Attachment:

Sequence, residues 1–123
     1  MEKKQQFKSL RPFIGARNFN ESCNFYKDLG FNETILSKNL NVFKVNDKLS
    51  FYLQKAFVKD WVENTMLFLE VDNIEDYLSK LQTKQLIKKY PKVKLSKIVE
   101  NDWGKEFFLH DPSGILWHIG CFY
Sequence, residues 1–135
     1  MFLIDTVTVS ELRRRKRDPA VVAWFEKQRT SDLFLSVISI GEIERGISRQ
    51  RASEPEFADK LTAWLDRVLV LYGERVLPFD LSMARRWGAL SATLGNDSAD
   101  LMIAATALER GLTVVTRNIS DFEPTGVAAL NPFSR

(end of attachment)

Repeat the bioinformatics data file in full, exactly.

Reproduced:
Sequence, residues 1–123
     1  MEKKQQFKSL RPFIGARNFN ESCNFYKDLG FNETILSKNL NVFKVNDKLS
    51  FYLQKAFVKD WVENTMLFLE VDNIEDYLSK LQTKQLIKKY PKVKLSKIVE
   101  NDWGKEFFLH DPSGILWHIG CFY
Sequence, residues 1–135
     1  MFLIDTVTVS ELRRRKRDPA VVAWFEKQRT SDLFLSVISI GEIERGISRQ
    51  RASEPEFADK LTAWLDRVLV LYGERVLPFD LSMARRWGAL SATLGNDSAD
   101  LMIAATALER GLTVVTRNIS DFEPTGVAAL NPFSR